## What is the Absolute Breadth Index?

The Absolute Breadth Index (ABI) is a market breadth indicator, calculated using the absolute value of the difference between the number of advancing stocks&nbsp;and&nbsp;declining stocks to indicate the size of market movement without considering price direction. Larger ABI numbers will indicate more volatility. When breadth is smaller, it means that the market isn’t experiencing significant movement, or movement in a definitive direction. When advances or declines pull away from the other, it indicates the presence of market-wide trends. Continue reading...

## Top Stock Chart Patterns

Chart patterns are shapes that sometimes appear in the charts of securities prices. Some of them may prove useful to you. Some frequently discussed chart patterns include Head and Shoulders, Double/Triple Bottom/Top, Cups and Saucers, Flags and Pennants, and others. Generally, it can be useful to compare and connect the troughs to each other and the peaks to each other to see if there is a trend confirmation if the breadth is narrowing, or if a reversal might be imminent. Continue reading...

## What is Earnings Momentum?

Earnings momentum is an indicator that is computed by not just looking at the earnings performance and estimations of a company, but looking at the positive or negative direction of earnings and the acceleration in that direction. Momentum in securities is much like momentum in physics. Where there is momentum, it is hard to slow things down and charge direction. Instead of looking only at the growth of earnings, which could be the slope of the inclining line, momentum also looks for increases in change to the growth rate, making earnings growth more parabolic or exponential. Continue reading...

## What is a bear market?

Bear markets are loosely defined as periods when markets experience declines in magnitude of 20% or more. More specifically, bear markets are a period in which a major index like the S&amp;P 500, for example, declines by 20% or more, with this decline sustained for a period over two months or so. Consequently, many investors become “bearish” – they lose confidence in the market, sell off their securities they do not believe will recover soon, and sit on the sidelines. There have been 25 bear markets since 1929, for an average of one every 3.4 years. Continue reading...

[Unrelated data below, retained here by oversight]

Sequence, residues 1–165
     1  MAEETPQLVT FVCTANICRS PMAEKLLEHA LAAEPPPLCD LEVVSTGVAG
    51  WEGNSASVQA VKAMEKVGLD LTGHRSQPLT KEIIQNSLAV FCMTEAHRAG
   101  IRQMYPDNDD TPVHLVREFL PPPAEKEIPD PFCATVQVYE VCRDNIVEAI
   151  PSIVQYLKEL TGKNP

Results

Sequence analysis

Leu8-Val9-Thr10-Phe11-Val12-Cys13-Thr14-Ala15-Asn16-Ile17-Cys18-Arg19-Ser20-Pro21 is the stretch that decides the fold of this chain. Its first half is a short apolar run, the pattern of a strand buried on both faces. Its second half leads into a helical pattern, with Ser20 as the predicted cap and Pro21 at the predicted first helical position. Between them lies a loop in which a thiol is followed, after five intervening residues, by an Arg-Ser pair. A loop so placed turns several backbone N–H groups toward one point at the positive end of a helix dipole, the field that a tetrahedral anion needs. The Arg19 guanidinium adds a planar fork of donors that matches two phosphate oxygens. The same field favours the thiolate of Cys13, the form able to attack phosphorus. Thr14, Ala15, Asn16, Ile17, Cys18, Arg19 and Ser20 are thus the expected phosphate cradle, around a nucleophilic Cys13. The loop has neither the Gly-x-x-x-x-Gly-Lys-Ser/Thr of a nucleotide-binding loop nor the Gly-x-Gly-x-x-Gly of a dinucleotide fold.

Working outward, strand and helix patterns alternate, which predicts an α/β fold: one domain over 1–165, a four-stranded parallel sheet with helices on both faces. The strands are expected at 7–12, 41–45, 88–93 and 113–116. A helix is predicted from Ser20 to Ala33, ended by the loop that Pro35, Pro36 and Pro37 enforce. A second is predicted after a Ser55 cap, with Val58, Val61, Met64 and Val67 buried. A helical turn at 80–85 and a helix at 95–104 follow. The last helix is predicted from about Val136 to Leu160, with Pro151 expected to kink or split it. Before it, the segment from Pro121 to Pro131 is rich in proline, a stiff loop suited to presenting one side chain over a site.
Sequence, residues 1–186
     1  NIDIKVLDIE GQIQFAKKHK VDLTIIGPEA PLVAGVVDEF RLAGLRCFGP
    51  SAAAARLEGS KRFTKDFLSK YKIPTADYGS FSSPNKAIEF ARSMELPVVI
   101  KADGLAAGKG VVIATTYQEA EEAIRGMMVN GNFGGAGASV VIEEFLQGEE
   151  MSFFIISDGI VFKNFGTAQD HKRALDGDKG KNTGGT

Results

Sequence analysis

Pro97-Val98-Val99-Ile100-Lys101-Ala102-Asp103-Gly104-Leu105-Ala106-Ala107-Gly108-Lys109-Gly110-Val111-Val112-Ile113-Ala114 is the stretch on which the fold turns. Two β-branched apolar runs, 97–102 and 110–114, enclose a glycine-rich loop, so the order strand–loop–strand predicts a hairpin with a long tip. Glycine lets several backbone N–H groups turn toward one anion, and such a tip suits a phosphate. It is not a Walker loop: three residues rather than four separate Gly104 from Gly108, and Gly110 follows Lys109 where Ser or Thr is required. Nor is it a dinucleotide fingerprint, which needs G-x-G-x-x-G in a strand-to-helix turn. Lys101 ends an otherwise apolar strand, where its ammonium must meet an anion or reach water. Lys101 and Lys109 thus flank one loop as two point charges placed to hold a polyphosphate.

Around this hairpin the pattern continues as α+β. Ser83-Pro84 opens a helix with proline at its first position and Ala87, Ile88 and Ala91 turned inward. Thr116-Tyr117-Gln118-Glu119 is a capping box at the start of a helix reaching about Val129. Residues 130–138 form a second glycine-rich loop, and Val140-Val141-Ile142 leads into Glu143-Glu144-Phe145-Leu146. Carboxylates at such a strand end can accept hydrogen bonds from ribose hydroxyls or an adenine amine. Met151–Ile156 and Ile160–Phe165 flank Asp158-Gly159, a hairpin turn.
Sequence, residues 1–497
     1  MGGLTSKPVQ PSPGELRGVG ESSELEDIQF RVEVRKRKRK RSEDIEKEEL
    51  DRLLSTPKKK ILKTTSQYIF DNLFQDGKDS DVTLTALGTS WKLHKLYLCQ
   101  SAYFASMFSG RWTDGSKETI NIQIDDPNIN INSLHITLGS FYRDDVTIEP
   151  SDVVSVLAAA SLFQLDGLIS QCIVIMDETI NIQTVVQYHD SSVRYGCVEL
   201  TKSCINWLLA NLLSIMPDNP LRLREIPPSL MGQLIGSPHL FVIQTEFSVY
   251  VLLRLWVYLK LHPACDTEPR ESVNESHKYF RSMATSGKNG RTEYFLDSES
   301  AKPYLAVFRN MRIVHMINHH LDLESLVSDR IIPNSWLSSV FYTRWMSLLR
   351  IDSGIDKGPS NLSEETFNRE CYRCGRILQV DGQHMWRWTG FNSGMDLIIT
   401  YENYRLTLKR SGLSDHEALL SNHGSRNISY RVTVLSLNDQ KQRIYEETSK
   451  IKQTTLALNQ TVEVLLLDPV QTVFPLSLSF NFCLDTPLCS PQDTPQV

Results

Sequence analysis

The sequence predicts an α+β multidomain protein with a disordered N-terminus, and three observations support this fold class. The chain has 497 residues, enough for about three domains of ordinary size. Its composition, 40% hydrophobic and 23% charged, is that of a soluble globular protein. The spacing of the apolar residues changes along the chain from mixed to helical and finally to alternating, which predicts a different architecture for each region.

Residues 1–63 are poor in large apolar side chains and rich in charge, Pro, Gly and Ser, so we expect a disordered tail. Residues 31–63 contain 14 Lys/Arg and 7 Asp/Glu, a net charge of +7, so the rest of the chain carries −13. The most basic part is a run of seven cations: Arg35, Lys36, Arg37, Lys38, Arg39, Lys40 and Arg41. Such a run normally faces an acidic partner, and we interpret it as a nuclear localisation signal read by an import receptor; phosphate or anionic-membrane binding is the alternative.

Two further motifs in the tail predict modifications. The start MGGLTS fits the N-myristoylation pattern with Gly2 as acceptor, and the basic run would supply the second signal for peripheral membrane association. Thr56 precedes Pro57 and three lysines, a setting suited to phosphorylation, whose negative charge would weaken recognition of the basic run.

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## What is the Positive Volume Index?

The Positive Volume Index (PVI) is a technical indicator that tracks increases in&nbsp;trade volume&nbsp;for an&nbsp;index&nbsp;or security, as well as the changes in price on those days. Paul Dysart developed the original version of this indicator for&nbsp;market indexes using&nbsp;advance-decline numbers&nbsp;instead of prices. The Positive Volume Index was then redesigned by Norman Fosback for individual securities – the version commonly used today. Continue reading...

## What is the Negative Volume Index?

The Negative Volume Index (NVI) is a technical indicator that tracks decreases in trade volume&nbsp;for an&nbsp;index&nbsp;or security, as well as price changes on those days. Paul Dysart developed the original version of this indicator for&nbsp;market indexes, and it garnered renewed attention when it was reworked in the 1970s via Norman Fosback in his book Stock Market Logic. The price changes in a security or the percentage change in an&nbsp;index&nbsp;are only added to or subtracted from the Negative Volume Index on days when the&nbsp;trading volume&nbsp;is lower than the day before. By watching market movement on days with lower trading volume, investors can identify where institutions and fund managers are moving their money. If trading volume is down and the market continues to do well, it means that there is a strong bullish primary trend, and that trading volume is not artificially pushing prices around. Continue reading...

## What is the commodity channel index (CCI)?

The Commodity Channel Index is an oscillator introduced in 1980 in Commodities magazine, but it can be used for indexes, ETFs, stocks, and so on. It basically displays the relative daily difference above or below a simple moving average. It can be used to identify overbought and oversold conditions and to confirm trends. The CCI averages out the prices of a commodity (or security) for a day, calling it the Typical Price, and compares it to the simple moving average for a time period (usually 20 days). Continue reading...

## How to use the Accumulation/Distribution in trading

The Accumulation/Distribution Indicator (originally called the Cumulative Money Flow Line) tracks cash flow into or out of a security and correlates the cash flow changes to changes in the security price. By following the trading volume into or out of a security, it establishes the degree of correlation between this trading volume and the price of the security. Accumulation/distribution is designed to reveal divergences in price trends (specifically between stock price and trading volume). These divergences indicate the degree to which a security may be overbought or oversold at a given time. Continue reading...